The Psychology Behind True Crime Addiction
When you really can’t bring yourself to look away, it might be more than fascination, it may be addiction to true crime.
If you love the Netflix series “Making a Murderer,” you watch and re-watch HBO’s “The Jinx,” and you always make time for ID’s “Who the (Bleep) Did I Marry,” then that’s really all fine and good. If your favorite podcast is “My Favorite Murder,” that’s totally OK. If you think Truman Capote’s 1966 book “In Cold Blood” was one of the seminal works of the 20th century, not a problem at all.
If you find that really the only shows you watch, programs you listen to, or books (or articles or blogs) you read are all about crimes, then you may have a true crime addiction, and you should take a close look at yourself and your interests and see if weaning away from the genre, at least some, may be a helpful and healthy move.
What Is “True Crime,” Anyway?
We use the term “true crime” to refer to a genre of literature, podcasts, a TV series, a blog, or any other type of media that covers crimes in a comprehensive and often stylized way. You can think of it in much the same way as romance, fantasy, or military history are genres that are covered in various formats.
In the case of true crime, the unifying factor among the many types of media and all the different subjects covered is simply that the events and people covered are all real and all involved in criminal activity.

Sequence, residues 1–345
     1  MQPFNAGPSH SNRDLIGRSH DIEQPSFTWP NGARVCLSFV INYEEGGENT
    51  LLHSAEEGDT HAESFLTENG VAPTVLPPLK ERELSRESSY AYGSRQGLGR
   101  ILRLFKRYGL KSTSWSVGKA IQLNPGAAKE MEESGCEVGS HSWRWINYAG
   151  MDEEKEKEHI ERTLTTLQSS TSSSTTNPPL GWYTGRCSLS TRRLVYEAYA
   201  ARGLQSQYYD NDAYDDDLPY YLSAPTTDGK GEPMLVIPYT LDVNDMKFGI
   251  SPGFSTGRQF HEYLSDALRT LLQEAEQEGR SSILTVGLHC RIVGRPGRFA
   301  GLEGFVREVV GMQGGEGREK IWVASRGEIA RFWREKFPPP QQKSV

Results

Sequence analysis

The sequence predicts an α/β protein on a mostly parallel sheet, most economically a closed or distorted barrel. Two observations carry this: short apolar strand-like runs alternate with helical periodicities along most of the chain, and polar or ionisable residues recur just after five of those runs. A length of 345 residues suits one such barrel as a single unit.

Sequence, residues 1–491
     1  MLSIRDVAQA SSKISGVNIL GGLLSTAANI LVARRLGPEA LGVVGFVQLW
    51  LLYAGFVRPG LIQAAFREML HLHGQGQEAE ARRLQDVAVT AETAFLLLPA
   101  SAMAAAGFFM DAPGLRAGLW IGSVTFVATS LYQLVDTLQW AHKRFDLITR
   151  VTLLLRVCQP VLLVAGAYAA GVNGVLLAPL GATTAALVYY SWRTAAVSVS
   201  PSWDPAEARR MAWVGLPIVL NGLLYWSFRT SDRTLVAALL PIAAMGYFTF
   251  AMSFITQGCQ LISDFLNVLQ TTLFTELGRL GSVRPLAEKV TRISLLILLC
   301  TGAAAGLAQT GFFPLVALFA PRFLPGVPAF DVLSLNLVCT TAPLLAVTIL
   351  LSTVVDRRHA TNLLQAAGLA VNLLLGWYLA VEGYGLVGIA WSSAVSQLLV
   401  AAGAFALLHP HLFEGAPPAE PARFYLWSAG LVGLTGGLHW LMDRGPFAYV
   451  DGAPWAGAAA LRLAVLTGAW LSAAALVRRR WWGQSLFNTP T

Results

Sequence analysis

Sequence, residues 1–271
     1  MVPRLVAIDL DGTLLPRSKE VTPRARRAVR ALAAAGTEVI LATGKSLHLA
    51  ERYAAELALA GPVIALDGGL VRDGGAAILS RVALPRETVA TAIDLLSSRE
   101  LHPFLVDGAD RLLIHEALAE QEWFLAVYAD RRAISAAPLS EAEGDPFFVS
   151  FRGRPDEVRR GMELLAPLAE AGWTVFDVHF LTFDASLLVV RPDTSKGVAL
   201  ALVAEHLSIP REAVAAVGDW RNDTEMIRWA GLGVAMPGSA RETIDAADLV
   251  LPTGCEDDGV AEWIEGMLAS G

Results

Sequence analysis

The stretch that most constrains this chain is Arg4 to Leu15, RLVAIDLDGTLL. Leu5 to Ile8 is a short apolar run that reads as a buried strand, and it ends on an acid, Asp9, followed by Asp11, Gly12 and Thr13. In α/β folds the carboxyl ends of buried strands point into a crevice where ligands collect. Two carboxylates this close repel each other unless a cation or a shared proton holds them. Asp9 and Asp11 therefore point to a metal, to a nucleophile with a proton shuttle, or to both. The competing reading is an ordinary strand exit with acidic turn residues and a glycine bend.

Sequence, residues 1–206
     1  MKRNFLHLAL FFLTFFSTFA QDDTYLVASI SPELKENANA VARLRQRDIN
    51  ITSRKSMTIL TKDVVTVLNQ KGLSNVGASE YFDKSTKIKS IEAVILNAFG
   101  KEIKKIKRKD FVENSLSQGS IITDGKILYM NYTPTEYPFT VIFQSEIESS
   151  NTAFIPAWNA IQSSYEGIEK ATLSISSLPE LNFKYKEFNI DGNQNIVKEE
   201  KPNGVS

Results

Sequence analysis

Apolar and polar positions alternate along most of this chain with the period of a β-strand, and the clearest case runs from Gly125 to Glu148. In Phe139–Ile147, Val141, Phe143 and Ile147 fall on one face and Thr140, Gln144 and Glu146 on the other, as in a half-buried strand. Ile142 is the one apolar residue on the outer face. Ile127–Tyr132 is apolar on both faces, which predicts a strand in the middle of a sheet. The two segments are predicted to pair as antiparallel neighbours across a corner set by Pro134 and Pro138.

More often than not, true crime media is focused on murders, and with truly shocking cases, such as those involving brutality or serial killers, or on unsolved cases, being the most ravenously consumed. Elaborate thefts and cons are also popular true crime subjects, but more often than not, the popular books, shows, and podcasts center on death.
Why Do People Become Obsessed With Crime?
According to experts like clinical psychologist Dr. Elizabeth Rutha of the Advocate Illinois Masonic Medical Center quoted in Advocate Aurora Health News: “From the time that we are a young child, we are undeniably intrigued by good versus evil.… We are drawn to true crime and accounts of serial killers and it connects us to our most primal fears.” In other words, the interest is inborn – whether it becomes an obsession is another story. But it’s easy to understand the allure of the genre.
The experience of consuming true crime media is twofold for most people: the first is the ability to embrace some of our darker, more primal urges in a safely secondhand manner – and if we’re honest with ourselves, we all have dark, aggressive urges sometimes, be it when we’re slighted at work or cutoff on the freeway. When someone else has done the bad deed and we are merely learning about it, we get a sense of release of these darker emotions without taking action ourselves.
The second effect comes when we put ourselves on precisely the other side of the equation, siding with the victim. When we sympathize with the deceased (or the conned or swindled) we feel better about ourselves, and we also have a sense of being safer and better protected for having read, seen, or heard the true crime story because it didn’t happen to us and now we’re a bit better prepared in case a similar situation ever arises – or at least we convince ourselves as much.